Latvia is a small country. And this is just the fourth year that a festival of such international significance takes place in Riga. We need new and young people to fall in love with the beautiful world of cinema! This is an honest answer as to why it is so important to have a whole weekend dedicated to films for the whole family, why it is important to provide additional captivating pastimes as well… Two fascinating days of a cinematic adventure for schoolchildren, pre-school kids and their kin.

A camel dies in the local zoo.

A tour of the place will prove that sometimes one painting is not enough.

The film is based on the life story of Melānija Vanaga, a woman who managed to survive her deportation to Siberia. It is a truthful account of the magnitude of the human spirit and the painful destinies, which were a part of the greatest tragedy facing the nation. It is the story of Latvian women who had to suffer and survive physically and emotionally in order for Latvia to live. To maintain hope, to preserve a person who is stronger than famine, cold, cruelty and even death and is capable of taking on responsibility for another person, to help others – such is the confirmation of Melānija Vanaga, her memories and also this film to the light in the world.

The eighties, summer, Italy, swimming pools and intellectuals. “I asked myself if I wanted to create a piece that was a sort of conversation between the storyline, the characters, and the medium, or if I just wanted the characters and the story to flow. And I said to myself: ‘Step back! Have faith in these people and this setting.’ So I chose to make the movie in the most lighthearted and simple way. I think it’s probably the movie I made with the most calmness, applying in a very specific and literal way my motto, that we should live with a sense of joie de vivre,” the director Luca Guadagnino tells Variety about the film based on the 2007 novel by André Aciman. It tells of rare and deep feelings, of coming of age, of romance and of romanticism, of prejudice and lack thereof.

This year – the NORDIC HIGHLIGHTS programme opening film comes from Sweden! Power, masculinity, great success, deep tragedy, and myths. Harry Schein, the founder of the Swedish Film Institute, was one of the most influential cultural and media personalities in Sweden of the 60s and 70s. A documentary about an Austrian war refugee who ended up counting Ingmar Bergman and Olof Palme among his best friends. His yearning for change and fame demanded sacrifices. But Harry had nothing to lose. He had already lost everything – first and foremost his family and his trust in others… Among the interviewees are director Roy Andersson, legendary actresses Harriet Andersson and Liv Ullmann, Daniel Bergman, Ingmar Bergman’s son, Mårten Palme, Olof Palme’s son and many others.         Before the screening – Embassy of Sweden in Riga invites to a glass of lingonberry punch, some knäckebröd and to meet the film-makers. A small Q&A session is also planned after the screening.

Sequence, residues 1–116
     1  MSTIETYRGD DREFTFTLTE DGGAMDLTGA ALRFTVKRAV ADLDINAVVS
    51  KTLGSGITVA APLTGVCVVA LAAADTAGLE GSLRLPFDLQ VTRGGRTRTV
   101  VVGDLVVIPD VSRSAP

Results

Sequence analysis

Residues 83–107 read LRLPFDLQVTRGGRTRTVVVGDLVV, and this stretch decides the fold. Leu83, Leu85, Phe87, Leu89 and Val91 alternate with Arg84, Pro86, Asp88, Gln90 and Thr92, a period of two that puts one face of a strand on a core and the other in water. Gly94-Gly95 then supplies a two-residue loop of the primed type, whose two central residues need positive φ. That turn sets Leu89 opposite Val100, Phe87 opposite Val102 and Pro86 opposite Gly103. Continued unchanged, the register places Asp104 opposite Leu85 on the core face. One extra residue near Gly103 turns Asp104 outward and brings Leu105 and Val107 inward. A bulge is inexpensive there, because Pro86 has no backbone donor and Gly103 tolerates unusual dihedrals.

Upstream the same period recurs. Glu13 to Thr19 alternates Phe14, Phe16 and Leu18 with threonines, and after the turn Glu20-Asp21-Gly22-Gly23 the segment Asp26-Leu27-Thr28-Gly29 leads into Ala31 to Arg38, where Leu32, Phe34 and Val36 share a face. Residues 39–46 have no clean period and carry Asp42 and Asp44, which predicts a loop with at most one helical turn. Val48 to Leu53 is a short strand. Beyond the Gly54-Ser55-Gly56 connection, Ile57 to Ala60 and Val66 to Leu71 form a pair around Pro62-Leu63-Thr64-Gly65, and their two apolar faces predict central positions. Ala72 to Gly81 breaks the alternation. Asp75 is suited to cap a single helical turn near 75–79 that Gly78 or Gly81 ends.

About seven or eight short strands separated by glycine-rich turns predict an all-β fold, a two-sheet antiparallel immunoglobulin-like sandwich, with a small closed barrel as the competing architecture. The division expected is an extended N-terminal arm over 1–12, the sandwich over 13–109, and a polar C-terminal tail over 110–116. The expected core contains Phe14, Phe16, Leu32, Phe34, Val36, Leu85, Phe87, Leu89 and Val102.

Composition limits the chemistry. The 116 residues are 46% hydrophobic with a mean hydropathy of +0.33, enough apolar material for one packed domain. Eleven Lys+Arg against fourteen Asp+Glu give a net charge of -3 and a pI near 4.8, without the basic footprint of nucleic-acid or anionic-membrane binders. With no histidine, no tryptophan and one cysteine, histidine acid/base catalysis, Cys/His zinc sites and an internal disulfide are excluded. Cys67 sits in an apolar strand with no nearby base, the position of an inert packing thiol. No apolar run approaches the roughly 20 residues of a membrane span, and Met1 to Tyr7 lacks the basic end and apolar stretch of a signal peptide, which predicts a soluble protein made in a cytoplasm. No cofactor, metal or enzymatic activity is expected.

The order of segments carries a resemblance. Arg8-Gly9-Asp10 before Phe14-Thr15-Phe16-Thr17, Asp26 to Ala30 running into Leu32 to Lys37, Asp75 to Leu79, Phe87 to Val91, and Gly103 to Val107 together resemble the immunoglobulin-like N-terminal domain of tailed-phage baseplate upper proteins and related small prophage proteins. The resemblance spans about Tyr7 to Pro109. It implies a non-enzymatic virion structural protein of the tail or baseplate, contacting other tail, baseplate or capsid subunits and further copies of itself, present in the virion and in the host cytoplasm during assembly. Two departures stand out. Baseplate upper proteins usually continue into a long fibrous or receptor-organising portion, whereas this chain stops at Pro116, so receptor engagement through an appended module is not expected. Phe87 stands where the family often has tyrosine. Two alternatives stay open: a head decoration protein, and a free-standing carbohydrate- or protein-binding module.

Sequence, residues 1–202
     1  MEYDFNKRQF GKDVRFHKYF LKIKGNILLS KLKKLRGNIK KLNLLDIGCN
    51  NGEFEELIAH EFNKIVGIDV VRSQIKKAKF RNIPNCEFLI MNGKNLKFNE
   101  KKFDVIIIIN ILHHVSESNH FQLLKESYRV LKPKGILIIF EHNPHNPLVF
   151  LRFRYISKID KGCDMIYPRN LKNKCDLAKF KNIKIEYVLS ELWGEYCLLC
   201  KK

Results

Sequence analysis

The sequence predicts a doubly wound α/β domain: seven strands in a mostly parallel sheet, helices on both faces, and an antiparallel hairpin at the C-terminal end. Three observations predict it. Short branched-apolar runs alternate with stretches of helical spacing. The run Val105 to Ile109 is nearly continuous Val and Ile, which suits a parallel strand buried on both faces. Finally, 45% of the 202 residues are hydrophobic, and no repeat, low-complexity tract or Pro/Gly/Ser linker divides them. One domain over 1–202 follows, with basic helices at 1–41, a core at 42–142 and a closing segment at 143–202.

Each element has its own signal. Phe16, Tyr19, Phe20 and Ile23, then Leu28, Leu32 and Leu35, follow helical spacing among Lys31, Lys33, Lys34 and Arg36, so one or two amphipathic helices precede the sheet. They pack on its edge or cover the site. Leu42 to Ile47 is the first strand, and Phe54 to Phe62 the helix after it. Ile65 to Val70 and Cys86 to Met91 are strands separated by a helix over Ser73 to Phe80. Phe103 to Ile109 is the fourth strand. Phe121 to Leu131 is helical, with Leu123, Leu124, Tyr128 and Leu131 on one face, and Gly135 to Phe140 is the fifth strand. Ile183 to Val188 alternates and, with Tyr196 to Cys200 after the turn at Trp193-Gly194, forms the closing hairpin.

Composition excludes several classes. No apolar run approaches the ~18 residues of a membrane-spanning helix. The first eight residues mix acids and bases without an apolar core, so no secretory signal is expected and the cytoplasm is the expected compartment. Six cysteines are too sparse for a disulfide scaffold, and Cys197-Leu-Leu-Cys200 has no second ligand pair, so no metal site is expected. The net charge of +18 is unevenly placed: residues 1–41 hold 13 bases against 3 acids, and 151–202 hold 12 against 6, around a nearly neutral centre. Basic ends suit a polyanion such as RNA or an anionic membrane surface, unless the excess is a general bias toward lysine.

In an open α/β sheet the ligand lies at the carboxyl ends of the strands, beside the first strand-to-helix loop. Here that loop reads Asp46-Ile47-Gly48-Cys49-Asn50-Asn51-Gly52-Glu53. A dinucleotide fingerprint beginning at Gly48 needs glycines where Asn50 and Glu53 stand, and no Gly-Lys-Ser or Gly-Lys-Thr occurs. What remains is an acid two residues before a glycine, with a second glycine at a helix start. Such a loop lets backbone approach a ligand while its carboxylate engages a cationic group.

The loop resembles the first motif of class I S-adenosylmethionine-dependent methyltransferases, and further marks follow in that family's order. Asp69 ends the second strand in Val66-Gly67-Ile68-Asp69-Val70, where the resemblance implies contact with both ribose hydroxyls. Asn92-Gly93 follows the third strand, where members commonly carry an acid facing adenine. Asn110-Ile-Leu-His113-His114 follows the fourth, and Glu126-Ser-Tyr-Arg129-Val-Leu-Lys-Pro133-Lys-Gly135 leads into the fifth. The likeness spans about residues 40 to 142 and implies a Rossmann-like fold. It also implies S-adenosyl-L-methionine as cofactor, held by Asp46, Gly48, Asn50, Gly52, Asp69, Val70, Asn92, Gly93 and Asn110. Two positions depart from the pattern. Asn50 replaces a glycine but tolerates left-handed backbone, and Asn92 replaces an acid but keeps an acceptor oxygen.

If you are a crocodile eating cookies is much more difficult than one would think.

Niilas, 12, has been living with his father in the Netherlands. But this summer, Niilas has to travel to the North of Sweden to meet his mother he barely remembers since his parents are divorced. He is faced with an intriguing and emotional reunion and getting acquainted both with her mother’s new family and the magnificent Northern nature. At first, the unfamiliar surroundings scare Niilas but as soon as he has overcome his fear, this becomes the most adventurous summer of his life.